Rishi Sunak leads the Tories in name alone – it’s fear of Farage that’s driving the agenda | Martin Kettle

The threat that the former Ukip leader may attract rightwing support inside and outside the party is causing sleepless nights

In arguably the best book on British politics published in 2022, Michael Crick suggests that in the past half-century, this country’s five most significant politicians have been Margaret Thatcher, Tony Blair, Alex Salmond, Boris Johnson – and Nigel Farage. The first four exerted their influence on events by getting elected to high office. The fifth, Farage, did not. But his influence is as strong today as ever.

Farage’s case for inclusion on this select list rests on two things. The first is his potent ability to connect with the public. As one of his media advisers puts it: “He speaks fluent human.” The other is his unmatched ability to influence other politicians without engaging with them directly, without ever displaying much discernible interest in policy, without getting elected to parliament, without ever having run anything, and in spite of leaving a trail of enemies and political casualties in his wake.

In spite of all of these things, Crick concludes, Farage has been: “a more significant player than most leaders of the traditional political parties, more influential than quite a few prime ministers”. Fail to understand this, and you may fail to understand not only the Brexit referendum of 2016 but also to understand continuing British politics of the early 21st century at all, right up to and including the present time.

He doesn’t make daily headlines just now, but his influence is as strong today as ever. That’s because, although Farage nominally retired from politics a couple of years ago, his flirtations with a return to the fray continue to shape the way that politics is evolving. In fact, it is hard to understand the Conservative party as it staggers from 2022 into 2023 without the Farage factor. The same, to a lesser extent, is even true of Labour.

The Farage factor is really the fear of Farage factor. In the Tories’ case, you may suppose, given Labour’s lead in the opinion polls, or in the light of the Liberal Democrats’ stunning byelection victories in previously safe Tory seats, that the minds of most Conservative MPs are now fully concentrated on the very real threat to their seats from Keir Starmer and Ed Davey.

Not a bit of it. The threat that keeps many Tories awake at night is not from Starmer or Davey, but the one from Farage. It’s the threat, for which there are in fact only tantalising wisps of anything one would normally dignify as evidence, that Farage is about to return as leader of the Ukip and Brexit party successor, Reform UK, and campaign in the next general election on an anti-immigration platform that will reshape British politics.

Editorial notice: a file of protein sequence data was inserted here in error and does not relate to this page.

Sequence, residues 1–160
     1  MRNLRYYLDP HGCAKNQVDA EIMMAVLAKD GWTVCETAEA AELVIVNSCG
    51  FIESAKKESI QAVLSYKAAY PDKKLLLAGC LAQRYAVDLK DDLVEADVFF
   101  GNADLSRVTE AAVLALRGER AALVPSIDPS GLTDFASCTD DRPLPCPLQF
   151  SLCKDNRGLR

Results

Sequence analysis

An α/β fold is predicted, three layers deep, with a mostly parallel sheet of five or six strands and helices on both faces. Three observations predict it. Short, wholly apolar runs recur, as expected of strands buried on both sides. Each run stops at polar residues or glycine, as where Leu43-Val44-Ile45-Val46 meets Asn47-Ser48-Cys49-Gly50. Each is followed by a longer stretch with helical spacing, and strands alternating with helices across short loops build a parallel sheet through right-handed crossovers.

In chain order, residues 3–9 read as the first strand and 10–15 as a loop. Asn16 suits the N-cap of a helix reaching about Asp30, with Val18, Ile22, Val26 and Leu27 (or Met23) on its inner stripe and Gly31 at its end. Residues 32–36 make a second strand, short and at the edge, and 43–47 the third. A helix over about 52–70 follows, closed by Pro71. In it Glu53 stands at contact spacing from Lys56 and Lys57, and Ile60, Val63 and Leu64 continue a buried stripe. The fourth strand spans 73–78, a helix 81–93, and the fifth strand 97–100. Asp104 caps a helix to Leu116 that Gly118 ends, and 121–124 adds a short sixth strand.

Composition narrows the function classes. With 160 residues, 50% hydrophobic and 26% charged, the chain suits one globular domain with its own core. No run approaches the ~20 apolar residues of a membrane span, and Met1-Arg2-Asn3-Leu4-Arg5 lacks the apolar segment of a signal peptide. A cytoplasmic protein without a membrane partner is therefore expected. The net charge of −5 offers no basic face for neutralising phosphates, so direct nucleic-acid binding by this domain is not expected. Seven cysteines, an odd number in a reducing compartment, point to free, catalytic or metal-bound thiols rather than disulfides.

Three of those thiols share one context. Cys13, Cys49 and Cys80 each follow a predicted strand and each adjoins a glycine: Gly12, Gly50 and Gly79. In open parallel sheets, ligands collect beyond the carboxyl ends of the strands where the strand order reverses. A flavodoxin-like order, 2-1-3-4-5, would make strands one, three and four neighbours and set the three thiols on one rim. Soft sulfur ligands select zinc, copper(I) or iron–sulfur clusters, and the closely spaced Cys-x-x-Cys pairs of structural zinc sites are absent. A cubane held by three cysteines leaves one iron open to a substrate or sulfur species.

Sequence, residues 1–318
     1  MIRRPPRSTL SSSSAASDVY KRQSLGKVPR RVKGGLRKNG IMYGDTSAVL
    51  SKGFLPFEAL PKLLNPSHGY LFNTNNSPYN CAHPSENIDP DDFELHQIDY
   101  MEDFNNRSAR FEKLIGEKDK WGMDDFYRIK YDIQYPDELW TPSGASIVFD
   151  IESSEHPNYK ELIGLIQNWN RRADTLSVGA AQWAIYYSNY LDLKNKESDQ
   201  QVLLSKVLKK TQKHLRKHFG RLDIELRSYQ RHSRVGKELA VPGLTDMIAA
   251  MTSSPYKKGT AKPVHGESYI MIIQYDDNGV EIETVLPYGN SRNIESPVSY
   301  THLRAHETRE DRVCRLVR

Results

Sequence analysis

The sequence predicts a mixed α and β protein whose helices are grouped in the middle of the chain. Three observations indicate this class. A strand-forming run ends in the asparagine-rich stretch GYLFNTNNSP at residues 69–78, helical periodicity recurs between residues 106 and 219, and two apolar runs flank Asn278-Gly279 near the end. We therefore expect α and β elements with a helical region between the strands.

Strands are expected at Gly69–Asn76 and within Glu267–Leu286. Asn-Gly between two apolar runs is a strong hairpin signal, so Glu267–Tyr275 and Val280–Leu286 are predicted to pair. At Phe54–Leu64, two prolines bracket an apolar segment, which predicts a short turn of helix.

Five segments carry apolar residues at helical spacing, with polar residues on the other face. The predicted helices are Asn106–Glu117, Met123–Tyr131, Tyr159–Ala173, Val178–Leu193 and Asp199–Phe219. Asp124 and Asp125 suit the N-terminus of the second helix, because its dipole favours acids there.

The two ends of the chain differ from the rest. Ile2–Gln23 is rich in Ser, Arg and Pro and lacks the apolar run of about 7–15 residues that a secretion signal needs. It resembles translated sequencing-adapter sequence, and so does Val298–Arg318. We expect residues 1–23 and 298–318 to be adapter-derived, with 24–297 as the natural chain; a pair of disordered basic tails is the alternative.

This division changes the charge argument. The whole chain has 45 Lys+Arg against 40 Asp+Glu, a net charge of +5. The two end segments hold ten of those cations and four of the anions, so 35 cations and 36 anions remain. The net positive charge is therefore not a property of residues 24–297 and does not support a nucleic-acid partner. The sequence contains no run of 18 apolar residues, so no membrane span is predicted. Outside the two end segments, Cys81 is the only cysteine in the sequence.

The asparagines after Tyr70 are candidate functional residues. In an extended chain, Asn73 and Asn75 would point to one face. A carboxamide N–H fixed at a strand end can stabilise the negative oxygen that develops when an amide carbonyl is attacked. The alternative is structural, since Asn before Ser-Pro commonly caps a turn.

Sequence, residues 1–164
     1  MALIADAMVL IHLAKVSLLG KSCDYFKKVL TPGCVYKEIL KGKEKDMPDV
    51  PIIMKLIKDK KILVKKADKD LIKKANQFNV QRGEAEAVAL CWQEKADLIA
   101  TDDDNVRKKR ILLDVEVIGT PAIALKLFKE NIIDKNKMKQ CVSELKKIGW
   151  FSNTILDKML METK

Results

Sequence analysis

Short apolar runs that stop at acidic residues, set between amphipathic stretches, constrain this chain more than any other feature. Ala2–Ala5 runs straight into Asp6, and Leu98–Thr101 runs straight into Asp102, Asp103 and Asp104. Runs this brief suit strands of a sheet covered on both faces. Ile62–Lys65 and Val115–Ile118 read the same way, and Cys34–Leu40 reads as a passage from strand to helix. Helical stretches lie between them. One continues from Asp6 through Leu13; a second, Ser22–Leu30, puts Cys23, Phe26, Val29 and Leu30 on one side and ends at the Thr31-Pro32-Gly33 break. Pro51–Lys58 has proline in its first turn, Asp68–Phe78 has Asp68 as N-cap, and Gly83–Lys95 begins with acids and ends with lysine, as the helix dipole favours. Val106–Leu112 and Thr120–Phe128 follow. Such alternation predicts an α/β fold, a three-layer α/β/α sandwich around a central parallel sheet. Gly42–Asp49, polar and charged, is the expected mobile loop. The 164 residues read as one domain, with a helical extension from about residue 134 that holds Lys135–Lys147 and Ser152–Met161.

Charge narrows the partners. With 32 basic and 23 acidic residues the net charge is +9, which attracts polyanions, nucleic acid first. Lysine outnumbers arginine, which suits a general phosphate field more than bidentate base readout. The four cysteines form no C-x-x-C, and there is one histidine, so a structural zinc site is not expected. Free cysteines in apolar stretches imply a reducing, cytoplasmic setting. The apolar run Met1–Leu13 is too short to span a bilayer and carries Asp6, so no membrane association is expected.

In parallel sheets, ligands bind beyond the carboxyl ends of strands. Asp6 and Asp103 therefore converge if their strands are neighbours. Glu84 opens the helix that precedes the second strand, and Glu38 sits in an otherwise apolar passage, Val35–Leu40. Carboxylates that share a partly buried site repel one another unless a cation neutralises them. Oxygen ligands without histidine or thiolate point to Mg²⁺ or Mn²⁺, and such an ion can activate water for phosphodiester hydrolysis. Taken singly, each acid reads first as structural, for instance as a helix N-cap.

If this looks a curious anxiety, consider the two parliamentary byelections in north-west England this month. In both City of Chester and Stretford and Urmston, Reform finished a distant fifth, well behind not just Labour (which held both seats) and the Conservatives, but the Lib Dems and the Greens. In Chester, Reform won 2.7% of the vote; in Stretford and Urmston, 3.5%. Since both seats are in the north-west, where the Farage threat is deemed to be high, these results may seem something of a corrective to the prevailing Tory fear. But you can forget that.

It may be tempting to treat this anxiety with a “more fools they” dismissal. But this fails to take account of the still febrile state of the Tory party at the end of the year of three prime ministers. It fails to take account of the fact that much of the Tory right at Westminster agrees with Farage. It fails to grasp, in particular, that much of the party as a whole feels particularly vulnerable, post-Brexit, to public anxiety about borders.

Above all it fails to see that large parts of the party do not regard Rishi Sunak as what he actually is – the Tory party’s best chance of minimising its losses against Starmer in 2024. Instead, these Conservatives see Sunak as a stopgap who, if he veers off their agenda, should be ousted in favour of a leader better able to defend the party’s right flank against Farage. Ask yourself at this point why Johnson, though accepting that he could not run again as leader when Liz Truss quit in October, is now once again putting himself about at Westminster and pledging to stay as an MP, and you may have a clue to what some MPs would like to happen next year.

Nowhere is the fear of Farage more clear or more potent than over immigration policy. Polls show that six out of 10 voters – and three-quarters of 2019 Tory voters – think Britain has lost control of its borders. Farage has greater backing to deal with this issue than either Sunak or Starmer. One in six 2019 Tory voters claim they would vote for Reform next time. Suella Braverman is attempting to position herself as the tribune of these Farage-fearing Tories. Sunak is not standing up to them.

The Duke of Wellington, later a Conservative prime minister, once said that the presence of Napoleon on the battlefield was worth 40,000 extra soldiers to the other side. In the duke’s party today, they think that about Farage. “He can move numbers, he can move polls, he can move people,” a Tory MP said last week. Well, maybe he can. Maybe he can’t. But in the Tory party it’s the thought that he can that matters right now.

  • Martin Kettle is a Guardian columnist


Martin Kettle

The GuardianTramp

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